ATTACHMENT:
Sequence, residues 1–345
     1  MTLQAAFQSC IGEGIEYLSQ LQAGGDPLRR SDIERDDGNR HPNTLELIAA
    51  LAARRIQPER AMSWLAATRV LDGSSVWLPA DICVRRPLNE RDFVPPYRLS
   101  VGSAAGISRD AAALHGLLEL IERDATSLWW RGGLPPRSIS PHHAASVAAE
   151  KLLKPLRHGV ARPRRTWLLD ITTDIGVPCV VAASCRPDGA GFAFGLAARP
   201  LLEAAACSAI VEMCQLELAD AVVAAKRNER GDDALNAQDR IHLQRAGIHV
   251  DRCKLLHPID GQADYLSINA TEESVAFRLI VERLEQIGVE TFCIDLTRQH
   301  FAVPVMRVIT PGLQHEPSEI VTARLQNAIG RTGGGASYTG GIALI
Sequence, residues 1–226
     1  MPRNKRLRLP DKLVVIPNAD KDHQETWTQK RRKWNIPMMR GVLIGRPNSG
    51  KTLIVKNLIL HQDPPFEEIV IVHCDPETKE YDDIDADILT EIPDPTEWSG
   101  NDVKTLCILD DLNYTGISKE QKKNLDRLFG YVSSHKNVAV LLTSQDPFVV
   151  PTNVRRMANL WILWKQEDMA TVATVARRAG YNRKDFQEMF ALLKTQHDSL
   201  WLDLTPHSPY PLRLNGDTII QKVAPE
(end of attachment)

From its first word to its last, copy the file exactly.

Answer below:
Sequence, residues 1–345
     1  MTLQAAFQSC IGEGIEYLSQ LQAGGDPLRR SDIERDDGNR HPNTLELIAA
    51  LAARRIQPER AMSWLAATRV LDGSSVWLPA DICVRRPLNE RDFVPPYRLS
   101  VGSAAGISRD AAALHGLLEL IERDATSLWW RGGLPPRSIS PHHAASVAAE
   151  KLLKPLRHGV ARPRRTWLLD ITTDIGVPCV VAASCRPDGA GFAFGLAARP
   201  LLEAAACSAI VEMCQLELAD AVVAAKRNER GDDALNAQDR IHLQRAGIHV
   251  DRCKLLHPID GQADYLSINA TEESVAFRLI VERLEQIGVE TFCIDLTRQH
   301  FAVPVMRVIT PGLQHEPSEI VTARLQNAIG RTGGGASYTG GIALI
Sequence, residues 1–226
     1  MPRNKRLRLP DKLVVIPNAD KDHQETWTQK RRKWNIPMMR GVLIGRPNSG
    51  KTLIVKNLIL HQDPPFEEIV IVHCDPETKE YDDIDADILT EIPDPTEWSG
   101  NDVKTLCILD DLNYTGISKE QKKNLDRLFG YVSSHKNVAV LLTSQDPFVV
   151  PTNVRRMANL WILWKQEDMA TVATVARRAG YNRKDFQEMF ALLKTQHDSL
   201  WLDLTPHSPY PLRLNGDTII QKVAPE